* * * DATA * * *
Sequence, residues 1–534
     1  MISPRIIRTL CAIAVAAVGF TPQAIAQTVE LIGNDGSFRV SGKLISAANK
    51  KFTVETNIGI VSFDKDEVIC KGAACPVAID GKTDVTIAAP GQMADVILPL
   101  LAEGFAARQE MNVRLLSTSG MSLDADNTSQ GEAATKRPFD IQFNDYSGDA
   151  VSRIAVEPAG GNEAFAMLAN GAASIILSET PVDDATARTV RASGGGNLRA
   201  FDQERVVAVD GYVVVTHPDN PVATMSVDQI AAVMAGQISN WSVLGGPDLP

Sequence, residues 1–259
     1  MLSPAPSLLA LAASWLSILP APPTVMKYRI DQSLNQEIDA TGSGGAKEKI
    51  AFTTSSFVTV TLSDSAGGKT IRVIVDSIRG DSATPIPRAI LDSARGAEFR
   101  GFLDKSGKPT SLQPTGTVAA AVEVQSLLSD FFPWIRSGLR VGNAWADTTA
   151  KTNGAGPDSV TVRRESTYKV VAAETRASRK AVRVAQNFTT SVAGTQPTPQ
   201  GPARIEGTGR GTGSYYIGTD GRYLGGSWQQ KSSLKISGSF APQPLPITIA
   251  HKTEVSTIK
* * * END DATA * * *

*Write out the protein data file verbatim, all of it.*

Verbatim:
Sequence, residues 1–534
     1  MISPRIIRTL CAIAVAAVGF TPQAIAQTVE LIGNDGSFRV SGKLISAANK
    51  KFTVETNIGI VSFDKDEVIC KGAACPVAID GKTDVTIAAP GQMADVILPL
   101  LAEGFAARQE MNVRLLSTSG MSLDADNTSQ GEAATKRPFD IQFNDYSGDA
   151  VSRIAVEPAG GNEAFAMLAN GAASIILSET PVDDATARTV RASGGGNLRA
   201  FDQERVVAVD GYVVVTHPDN PVATMSVDQI AAVMAGQISN WSVLGGPDLP

Sequence, residues 1–259
     1  MLSPAPSLLA LAASWLSILP APPTVMKYRI DQSLNQEIDA TGSGGAKEKI
    51  AFTTSSFVTV TLSDSAGGKT IRVIVDSIRG DSATPIPRAI LDSARGAEFR
   101  GFLDKSGKPT SLQPTGTVAA AVEVQSLLSD FFPWIRSGLR VGNAWADTTA
   151  KTNGAGPDSV TVRRESTYKV VAAETRASRK AVRVAQNFTT SVAGTQPTPQ
   201  GPARIEGTGR GTGSYYIGTD GRYLGGSWQQ KSSLKISGSF APQPLPITIA
   251  HKTEVSTIK